I've always been a fan of magic users in games. A magician who always has a bag of tricks for any situation and an ace in the sleeve should all else fail. A sorcerer who can reshape reality with unthinkable powers. But, to this date, I've never seen a magic system in a videogame without a few glaring flaws.

Why is it that a warrior or rogue can jog an unlimited distance then swing a weapon for minutes on end while never breaking a sweat or slowing down even slightly, yet wizards often find themselves out of magic and just standing there with little to do. Muscles never tire, and yet magic energy from some unknown impossible source often does.

Now, of course magic needs its limitations, otherwise there would be no reason not to blast the strongest spell all day over and over again. A cooldown system is a fine enough choice, yet it becomes very robotic, going through a consistent rotation of the same spells thoughtlessly just about everywhere.

Then, there's the D&D style, as used in, for example, Baldur's Gate 2 wherein you think of what spells you'll want tomorrow within limited slots then fall asleep until you can use them 8 hours later. It's rather clunky, yet it does cause you to go through everything in your spellbook according to the direness of the situation. It does seem rather silly that a whole party has to wait 8 hours for the wizard to take a nap before he casts one little remove curse spell. Or resurrecting a dead friend first thing in the morning before you brush your teeth.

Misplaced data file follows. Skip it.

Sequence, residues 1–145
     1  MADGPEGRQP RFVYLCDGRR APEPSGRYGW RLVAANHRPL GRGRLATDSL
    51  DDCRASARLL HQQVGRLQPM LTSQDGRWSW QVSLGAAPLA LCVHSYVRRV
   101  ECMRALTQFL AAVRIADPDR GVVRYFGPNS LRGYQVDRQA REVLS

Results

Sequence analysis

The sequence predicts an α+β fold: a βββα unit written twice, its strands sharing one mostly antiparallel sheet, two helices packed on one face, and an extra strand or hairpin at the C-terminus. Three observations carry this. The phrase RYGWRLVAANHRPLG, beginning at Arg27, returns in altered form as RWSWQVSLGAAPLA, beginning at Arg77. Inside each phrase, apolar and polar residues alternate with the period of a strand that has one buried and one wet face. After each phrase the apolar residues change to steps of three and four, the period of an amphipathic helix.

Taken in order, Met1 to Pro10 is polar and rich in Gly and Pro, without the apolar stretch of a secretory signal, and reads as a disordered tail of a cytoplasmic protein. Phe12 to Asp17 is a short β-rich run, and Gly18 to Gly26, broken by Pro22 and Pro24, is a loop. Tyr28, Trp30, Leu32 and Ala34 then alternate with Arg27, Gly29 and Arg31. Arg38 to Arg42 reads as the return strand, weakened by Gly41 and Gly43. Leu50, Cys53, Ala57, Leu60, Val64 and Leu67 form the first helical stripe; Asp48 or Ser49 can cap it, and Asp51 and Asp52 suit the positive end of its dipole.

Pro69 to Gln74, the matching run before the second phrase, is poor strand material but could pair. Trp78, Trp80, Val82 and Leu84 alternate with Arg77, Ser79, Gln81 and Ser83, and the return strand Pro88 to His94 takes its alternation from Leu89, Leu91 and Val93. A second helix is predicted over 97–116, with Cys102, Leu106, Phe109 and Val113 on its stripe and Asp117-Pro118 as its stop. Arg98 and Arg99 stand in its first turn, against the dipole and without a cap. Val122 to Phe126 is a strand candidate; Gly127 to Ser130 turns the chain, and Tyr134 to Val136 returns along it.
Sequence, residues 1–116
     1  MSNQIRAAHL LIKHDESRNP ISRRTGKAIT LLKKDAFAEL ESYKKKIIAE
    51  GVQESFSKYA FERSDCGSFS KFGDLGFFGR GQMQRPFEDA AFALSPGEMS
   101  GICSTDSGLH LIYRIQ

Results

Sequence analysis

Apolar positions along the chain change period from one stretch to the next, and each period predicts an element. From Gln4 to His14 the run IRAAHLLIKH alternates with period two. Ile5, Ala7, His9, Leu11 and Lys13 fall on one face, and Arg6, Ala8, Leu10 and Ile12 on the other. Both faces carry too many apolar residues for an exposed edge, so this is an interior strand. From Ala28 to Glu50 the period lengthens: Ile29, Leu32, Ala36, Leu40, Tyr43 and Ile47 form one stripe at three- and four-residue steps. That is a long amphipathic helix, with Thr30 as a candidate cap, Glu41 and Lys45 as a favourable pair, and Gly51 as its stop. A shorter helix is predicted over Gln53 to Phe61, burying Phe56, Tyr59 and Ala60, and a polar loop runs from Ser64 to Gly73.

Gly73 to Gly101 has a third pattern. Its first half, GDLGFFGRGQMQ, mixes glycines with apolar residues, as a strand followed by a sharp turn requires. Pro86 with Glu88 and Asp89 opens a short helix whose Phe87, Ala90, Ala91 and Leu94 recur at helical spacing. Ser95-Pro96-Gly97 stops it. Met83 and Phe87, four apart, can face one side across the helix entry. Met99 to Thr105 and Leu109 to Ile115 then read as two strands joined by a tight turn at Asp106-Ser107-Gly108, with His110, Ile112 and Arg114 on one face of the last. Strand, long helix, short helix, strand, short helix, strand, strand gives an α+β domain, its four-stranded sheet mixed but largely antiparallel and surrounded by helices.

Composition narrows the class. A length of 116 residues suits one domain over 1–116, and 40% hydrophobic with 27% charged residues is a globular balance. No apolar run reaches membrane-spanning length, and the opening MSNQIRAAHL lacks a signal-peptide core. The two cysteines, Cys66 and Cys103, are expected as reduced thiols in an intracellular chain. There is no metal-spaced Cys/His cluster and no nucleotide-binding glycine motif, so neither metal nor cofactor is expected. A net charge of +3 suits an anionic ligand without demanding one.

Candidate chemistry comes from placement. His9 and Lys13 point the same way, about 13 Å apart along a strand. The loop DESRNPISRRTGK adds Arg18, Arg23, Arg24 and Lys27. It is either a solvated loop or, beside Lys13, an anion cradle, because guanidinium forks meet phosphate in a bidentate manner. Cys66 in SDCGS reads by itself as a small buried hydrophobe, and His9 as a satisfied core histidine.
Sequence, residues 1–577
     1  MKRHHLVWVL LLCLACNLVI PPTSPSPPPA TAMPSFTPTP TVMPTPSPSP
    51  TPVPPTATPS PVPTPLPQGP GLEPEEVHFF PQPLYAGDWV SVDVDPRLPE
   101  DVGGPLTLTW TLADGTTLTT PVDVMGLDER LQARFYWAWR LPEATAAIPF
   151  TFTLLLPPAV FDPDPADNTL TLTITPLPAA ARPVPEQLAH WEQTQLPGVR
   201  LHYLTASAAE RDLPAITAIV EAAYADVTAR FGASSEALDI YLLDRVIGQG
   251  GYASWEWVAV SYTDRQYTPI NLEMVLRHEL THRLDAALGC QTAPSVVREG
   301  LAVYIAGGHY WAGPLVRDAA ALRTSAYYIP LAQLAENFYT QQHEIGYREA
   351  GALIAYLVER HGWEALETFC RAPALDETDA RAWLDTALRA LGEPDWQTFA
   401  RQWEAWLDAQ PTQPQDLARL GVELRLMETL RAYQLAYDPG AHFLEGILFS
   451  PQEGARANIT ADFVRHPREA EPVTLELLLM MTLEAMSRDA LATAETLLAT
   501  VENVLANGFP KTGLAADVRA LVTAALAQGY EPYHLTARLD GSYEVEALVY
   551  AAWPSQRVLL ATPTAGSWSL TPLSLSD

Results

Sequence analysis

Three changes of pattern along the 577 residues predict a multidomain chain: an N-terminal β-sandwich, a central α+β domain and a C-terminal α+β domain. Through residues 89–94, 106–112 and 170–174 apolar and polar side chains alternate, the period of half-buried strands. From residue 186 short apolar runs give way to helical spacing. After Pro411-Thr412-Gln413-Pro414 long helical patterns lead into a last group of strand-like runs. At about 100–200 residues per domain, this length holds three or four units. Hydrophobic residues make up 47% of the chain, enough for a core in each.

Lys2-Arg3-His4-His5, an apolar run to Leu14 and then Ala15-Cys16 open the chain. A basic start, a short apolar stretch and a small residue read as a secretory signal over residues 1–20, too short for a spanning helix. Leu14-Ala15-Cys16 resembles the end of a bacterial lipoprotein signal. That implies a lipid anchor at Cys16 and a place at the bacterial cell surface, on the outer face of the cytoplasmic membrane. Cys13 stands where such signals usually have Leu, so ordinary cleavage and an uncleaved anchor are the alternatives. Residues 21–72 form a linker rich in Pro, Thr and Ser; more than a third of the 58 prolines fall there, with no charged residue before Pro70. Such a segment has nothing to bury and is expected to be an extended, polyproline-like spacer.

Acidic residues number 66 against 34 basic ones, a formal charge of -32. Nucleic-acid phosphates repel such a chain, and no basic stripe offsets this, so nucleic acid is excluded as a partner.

I should add here that I do love the game Magicka. Big spells took a little time to type in as quickly as you could, practice and premeditation definitely helped, walking was slow when ready to cast so you can't instantly disintegrate enemies on sight, you never just run out of steam and stand there like a dope, and there was all sorts of interesting combinations to try, always a perfect tool for the job. The only drawback is that this system required a very particular control scheme, one that not every game will necessarily facilitate. Also, no one I know owned the game so I just played it single player about a dozen times over and over.

Another honorable mention should go to Two Worlds 2, getting the spell cards and elemental levels was a pain and it was still a mana bar system but it did allow creativity, fun experimenting, and a certain uniqueness between every mage who didn't go with a cookie cutter I-read-it-off-the-internet model.

I thought of a method that may be interesting to try which combines the D&D model and the basic mana bar. You can preselect a limited number of spells which cast instantly but at variable mana costs. But you can also cast from your entire spellbook at variable casting times which leaves you open and mostly stationary. This way you can choose between a quick burst of instant offensive magic or a collection of defensive spells to be used quickly, but non-clutch needs such as long-term damage per second and basic over-time healing can be cast without eventually getting tired and watching someone swing a 6 foot long greatsword for the rest of the fight without as much as needing to sit down in a chair to catch his breath.

What are some other games systems or your thoughts on how magic should best be handled?

About Speak Up on Kotaku: Our readers have a lot to say, and sometimes what they have to say has nothing to do with the stories we run. That's why we have a forum on Kotaku called Speak Up. That's the place to post anecdotes, photos, game tips and hints, and anything you want to share with Kotaku at large. Every weekday we'll pull one of the best Speak Up posts we can find and highlight it here.
Product Update - Valve
- New robe available, Reddit Robe

PC Gamer
Dungeonland thumbnail